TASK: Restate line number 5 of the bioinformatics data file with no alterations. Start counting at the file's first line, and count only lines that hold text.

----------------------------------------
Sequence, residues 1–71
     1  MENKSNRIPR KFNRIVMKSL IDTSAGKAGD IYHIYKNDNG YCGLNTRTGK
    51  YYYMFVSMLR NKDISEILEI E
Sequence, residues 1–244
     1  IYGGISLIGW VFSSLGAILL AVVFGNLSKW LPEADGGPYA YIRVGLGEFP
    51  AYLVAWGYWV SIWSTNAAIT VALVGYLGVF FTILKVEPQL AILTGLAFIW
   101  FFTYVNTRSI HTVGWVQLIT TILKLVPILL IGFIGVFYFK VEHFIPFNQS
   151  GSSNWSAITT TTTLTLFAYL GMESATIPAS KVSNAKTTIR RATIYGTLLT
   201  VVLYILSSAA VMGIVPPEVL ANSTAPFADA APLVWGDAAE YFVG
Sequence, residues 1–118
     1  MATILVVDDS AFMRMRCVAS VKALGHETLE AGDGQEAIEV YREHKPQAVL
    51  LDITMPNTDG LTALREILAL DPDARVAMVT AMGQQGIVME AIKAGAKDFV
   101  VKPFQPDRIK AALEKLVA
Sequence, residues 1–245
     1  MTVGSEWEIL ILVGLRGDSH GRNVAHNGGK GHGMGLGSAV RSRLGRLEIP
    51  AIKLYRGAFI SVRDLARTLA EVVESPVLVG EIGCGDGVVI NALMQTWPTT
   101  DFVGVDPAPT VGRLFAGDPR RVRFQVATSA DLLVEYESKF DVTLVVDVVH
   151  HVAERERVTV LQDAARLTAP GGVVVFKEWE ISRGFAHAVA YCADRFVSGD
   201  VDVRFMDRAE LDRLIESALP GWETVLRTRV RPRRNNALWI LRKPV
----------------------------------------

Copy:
     1  IYGGISLIGW VFSSLGAILL AVVFGNLSKW LPEADGGPYA YIRVGLGEFP